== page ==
Players must go left from the tee to avoid two bunkers, and approaches will have to be accurate to avoid some nasty rough. The contoured green is protected by two bunkers at the front and a par is always a decent score.
412 yards, Par 4
2011 – 4.241 (7th hardest)
The second shot is key as anything that heads too far left risks finding one of two bunkers. It’s an undulating putting surface, so the right level will have to be found depending on the pin position.
415 yards, Par 4
2011 – 4.188 (11th hardest)
Again the emphasis will be on the quality of the approach as the elevated green slopes from all sides. The green has been brought forward over the years but precision with the second shot will be of primary importance.
238 yards, Par 3
2011 – 3.252 (5th hardest)
This long par-three hole can cause problems, particularly if the wind picks up. There are five bunkers around the green but the three on the left are more likely to come into play as the green slopes in that direction.
379 yards, Par 4
2011 – 3.998 (17th hardest)
There are a few issues here with five bunkers at the front of the green and a ridge running across the fairway, but this is the shortest par four on the course which means top players can use an iron off the tee and still have a lofted club for their approach. It should prove relatively trouble-free.
456 yards, Par 4
2011 – 4.11 (joint-12th hardest)
An accurate drive will be essential to avoid one of four dangerous bunkers. A ridge runs down the length of the putting surface, so being the correct side of that will be the key consideration when approaching the green.
547 yards, Par 5
2011 – 5.066 (15th hardest)
The second and final par five is not the typical birdie opportunity players may anticipate, mainly because the wind can prove a huge factor. There is out-of-bounds running from tee to green down the right, and most of the trouble is in that direction. Avoid that and the most pressing concern could be the ditch 330 yards from the back tee.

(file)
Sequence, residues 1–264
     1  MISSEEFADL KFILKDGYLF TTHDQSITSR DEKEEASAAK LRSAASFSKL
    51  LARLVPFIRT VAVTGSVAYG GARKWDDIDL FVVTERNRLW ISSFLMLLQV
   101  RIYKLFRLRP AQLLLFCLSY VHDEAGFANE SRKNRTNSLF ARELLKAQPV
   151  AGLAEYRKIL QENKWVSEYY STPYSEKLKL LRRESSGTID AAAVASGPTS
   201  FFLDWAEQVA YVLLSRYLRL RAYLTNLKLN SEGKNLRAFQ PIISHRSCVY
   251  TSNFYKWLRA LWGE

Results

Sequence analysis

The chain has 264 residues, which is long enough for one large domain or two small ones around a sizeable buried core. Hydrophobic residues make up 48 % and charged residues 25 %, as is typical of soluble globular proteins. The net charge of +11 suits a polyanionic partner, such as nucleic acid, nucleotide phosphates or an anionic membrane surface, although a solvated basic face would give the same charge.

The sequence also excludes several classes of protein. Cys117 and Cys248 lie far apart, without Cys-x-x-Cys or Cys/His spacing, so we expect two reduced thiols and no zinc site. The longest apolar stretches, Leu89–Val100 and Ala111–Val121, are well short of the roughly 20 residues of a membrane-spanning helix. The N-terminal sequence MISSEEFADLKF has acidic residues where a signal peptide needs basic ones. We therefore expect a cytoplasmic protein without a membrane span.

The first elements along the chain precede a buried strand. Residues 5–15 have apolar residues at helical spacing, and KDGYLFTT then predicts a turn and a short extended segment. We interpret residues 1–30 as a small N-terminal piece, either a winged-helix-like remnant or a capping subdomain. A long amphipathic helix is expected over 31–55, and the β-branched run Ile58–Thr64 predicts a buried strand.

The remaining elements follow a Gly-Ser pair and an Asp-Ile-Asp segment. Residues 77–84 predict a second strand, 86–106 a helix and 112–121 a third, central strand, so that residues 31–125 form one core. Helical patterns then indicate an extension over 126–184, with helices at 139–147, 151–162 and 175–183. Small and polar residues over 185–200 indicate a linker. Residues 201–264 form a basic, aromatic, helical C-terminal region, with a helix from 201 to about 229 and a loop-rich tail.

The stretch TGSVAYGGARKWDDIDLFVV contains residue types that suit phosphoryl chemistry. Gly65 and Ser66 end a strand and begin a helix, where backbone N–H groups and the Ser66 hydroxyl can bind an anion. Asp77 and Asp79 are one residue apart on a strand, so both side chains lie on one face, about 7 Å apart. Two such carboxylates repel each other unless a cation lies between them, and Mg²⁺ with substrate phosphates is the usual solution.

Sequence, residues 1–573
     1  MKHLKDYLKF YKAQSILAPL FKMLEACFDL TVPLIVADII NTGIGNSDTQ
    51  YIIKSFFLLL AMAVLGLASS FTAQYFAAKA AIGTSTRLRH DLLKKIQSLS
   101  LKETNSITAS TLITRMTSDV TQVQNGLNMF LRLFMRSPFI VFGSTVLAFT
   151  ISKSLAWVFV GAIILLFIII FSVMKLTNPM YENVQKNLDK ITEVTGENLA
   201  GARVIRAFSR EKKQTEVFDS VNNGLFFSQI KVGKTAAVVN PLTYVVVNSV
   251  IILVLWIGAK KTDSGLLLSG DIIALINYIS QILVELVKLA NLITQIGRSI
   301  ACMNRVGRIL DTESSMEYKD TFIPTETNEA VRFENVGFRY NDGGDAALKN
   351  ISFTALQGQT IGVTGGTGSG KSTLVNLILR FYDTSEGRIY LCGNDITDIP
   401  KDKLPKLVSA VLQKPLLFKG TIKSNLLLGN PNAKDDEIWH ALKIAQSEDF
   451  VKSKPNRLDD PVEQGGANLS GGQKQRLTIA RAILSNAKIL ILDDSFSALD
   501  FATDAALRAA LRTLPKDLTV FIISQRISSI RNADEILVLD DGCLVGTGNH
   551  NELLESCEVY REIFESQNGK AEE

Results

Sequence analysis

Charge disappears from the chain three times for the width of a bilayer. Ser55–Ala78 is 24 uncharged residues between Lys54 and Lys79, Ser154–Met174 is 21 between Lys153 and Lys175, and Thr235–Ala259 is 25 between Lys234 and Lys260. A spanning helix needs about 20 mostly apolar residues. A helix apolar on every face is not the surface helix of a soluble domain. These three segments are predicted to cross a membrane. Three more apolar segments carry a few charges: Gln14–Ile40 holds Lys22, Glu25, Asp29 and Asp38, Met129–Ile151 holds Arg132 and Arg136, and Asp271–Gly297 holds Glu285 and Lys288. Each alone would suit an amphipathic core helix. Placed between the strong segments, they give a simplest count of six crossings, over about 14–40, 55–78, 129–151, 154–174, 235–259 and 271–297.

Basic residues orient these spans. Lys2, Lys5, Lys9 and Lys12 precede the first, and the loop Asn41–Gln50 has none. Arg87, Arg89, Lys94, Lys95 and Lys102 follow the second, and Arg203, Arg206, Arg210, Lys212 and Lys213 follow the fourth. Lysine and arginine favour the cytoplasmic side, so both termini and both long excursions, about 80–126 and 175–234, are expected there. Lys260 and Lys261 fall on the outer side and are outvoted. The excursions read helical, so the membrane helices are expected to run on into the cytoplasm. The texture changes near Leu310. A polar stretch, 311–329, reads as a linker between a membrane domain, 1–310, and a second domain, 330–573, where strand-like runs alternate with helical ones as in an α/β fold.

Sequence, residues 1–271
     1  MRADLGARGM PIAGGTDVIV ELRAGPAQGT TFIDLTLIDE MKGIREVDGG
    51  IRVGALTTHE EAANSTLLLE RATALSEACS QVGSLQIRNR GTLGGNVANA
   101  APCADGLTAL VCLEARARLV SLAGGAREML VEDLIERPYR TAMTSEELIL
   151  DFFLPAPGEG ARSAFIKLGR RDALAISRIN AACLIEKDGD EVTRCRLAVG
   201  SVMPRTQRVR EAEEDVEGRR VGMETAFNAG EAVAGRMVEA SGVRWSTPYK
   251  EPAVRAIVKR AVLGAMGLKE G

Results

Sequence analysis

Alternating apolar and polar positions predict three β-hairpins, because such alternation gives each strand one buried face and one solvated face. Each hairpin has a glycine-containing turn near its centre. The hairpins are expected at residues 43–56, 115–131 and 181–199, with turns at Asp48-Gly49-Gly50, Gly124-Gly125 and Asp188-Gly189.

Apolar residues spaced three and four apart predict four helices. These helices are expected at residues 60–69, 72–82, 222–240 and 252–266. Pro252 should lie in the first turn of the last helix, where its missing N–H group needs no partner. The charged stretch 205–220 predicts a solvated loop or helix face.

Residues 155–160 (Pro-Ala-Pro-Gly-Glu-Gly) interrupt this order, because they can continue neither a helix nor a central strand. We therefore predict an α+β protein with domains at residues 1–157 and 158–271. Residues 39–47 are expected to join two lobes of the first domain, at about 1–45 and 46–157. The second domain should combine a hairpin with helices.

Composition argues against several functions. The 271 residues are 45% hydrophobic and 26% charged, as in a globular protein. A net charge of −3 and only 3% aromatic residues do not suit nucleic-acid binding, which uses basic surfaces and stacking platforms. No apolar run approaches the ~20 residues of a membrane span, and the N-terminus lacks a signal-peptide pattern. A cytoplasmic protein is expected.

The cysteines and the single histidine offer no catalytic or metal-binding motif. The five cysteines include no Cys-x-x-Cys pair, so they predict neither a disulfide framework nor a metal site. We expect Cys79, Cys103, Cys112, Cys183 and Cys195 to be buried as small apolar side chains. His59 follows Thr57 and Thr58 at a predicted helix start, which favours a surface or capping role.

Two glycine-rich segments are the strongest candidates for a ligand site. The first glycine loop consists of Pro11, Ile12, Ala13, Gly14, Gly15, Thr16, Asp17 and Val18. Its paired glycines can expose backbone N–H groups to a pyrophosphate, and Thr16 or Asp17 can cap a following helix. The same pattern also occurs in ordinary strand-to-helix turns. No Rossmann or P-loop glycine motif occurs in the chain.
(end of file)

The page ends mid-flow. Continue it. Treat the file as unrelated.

496 yards, Par 4
2011 – 4.269 (4th hardest)
Plenty of sand has to be avoided, with five bunkers in play off the tee and three more around the green on this long par four. A challenging pitch awaits those who miss the green to the left.
162 yards, Par 3
2011 – 3.071 (14th hardest)
The green is surrounded by pot bunkers, which have to be avoided at all costs. Even if you get out, there is a chance that the ball can come rolling back into the trap, so finding the green initially is vital.
426 yards, Par 4
2011 – 4.199 (10th hardest)
The fairway has plenty of humps but the approach is the most important element of the gentle dogleg. The false-fronted green lies in wait for anything a bit short while players who go long face a difficult up-and-down. Bunkers await errant second shots on both sides.
450 yards, Par 4
2011 – 4.325 (3rd hardest)
This is a tough one to close the round. The approach is never easy with a shallow ditch to the left of the green, from which an up and down is not guaranteed. And that’s after players have had to negotiate two tricky fairway bunkers. Expect some dramatic last-hole changes to the scoreboard.